"Surgery can make you worse."
That's a tough statement from an orthopedic surgeon who loves to help people get better. I spend most of my life either rehabilitating people from injuries or arthritis or repairing injuries and replacing cartilage to fix the arthritis.
In all of this, I recognize that if I can get people better without surgery, it's better. Yet I also see many cases where it is far more conservative to repair the damage early, rather than wait until the damage is too great, such a torn meniscus or a missing meniscus that should be replaced before arthritis sets in.
So why the dire warning?
Because stuff happens and each person heals a little differently. Sometimes the best efforts to repair a problem can in fact make it a lot worse. Let's look at some of our worst nightmares.
Infection: Fortunately in our hands, infection is rare, less than 0.2 percent of our cases. Yet when it does occur, it can vary from being just an annoyance to being devastating. Despite all the best-practice efforts to avoid an infection — washing the affected site the night before surgery, giving a preventive antibiotic before the surgery starts, to extreme sterility in the operating room, sealing all wounds with wound glue, careful wound care in the post-operative period — unfortunately, some patients will still grow an unwanted organism.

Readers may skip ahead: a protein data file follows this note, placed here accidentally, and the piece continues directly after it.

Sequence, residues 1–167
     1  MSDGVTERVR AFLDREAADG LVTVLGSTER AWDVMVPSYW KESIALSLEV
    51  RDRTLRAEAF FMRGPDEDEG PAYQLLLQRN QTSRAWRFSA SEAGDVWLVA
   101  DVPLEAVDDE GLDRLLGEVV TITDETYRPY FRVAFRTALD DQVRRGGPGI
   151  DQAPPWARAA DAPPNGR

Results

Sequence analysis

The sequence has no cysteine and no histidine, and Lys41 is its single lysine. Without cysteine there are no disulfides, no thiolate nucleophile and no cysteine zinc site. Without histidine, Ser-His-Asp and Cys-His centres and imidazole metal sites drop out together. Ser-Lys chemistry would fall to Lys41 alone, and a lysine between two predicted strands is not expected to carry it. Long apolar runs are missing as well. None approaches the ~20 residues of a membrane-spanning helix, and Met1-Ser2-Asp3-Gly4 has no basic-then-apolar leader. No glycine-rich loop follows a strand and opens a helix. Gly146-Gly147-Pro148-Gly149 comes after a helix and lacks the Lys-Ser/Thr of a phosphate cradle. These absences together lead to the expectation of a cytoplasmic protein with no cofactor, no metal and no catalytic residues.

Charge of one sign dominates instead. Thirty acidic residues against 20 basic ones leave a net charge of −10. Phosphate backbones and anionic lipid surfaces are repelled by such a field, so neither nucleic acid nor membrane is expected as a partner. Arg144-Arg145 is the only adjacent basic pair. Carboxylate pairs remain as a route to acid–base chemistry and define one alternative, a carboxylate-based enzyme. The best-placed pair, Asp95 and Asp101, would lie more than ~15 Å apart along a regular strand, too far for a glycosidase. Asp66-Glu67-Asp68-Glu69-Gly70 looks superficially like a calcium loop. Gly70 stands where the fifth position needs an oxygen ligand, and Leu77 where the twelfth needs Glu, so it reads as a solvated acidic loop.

Why? Currently, the thinking is that, absent an obvious break in sterility, some patients naturally harbor organisms on their skin that when given the chance will grow in a surgical site. Some patients have immune systems that fail to overwhelm some bacteria. And some patients just have a temporary reduction in bacteria-fighting ability, possibly related to the stress of surgery. We counsel our patients that we can treat, and most of the times fully repair, the damage done by an infection, if noticed and treated early. Attention by the medical team and the patient's attitude make a huge difference in the success of the treatment. An upbeat patient brings good, healing thoughts to their own body and to the team caring for them, which definitely seems to improve the outcome.
Blood clots: Many people naturally form small blood clots after extremity trauma or surgery. The body seems to dissolve these naturally. Some clots, especially those in the large vessels behind the knee, can cause real problems by migrating to the lungs. Preventive measures such as a daily aspirin, immediate weight-bearing and lower-leg exercises, avoiding braces and casts that might pinch the leg clearly help diminish the incidence of clots. Having the surgical and rehabilitation team carefully monitor the patient helps diagnose the clots early, usually by ultrasound, and treat those that need to be treated avoiding the secondary complications. Novel genetic testing may soon be widespread enough to help predict which patients will clot.
In our practice, a patient with a genetic screen from 23andme highlighted their risk of clotting and because the rehab team was aware of the genetic profile, an early serious clot was caught, treated and the patient's life saved.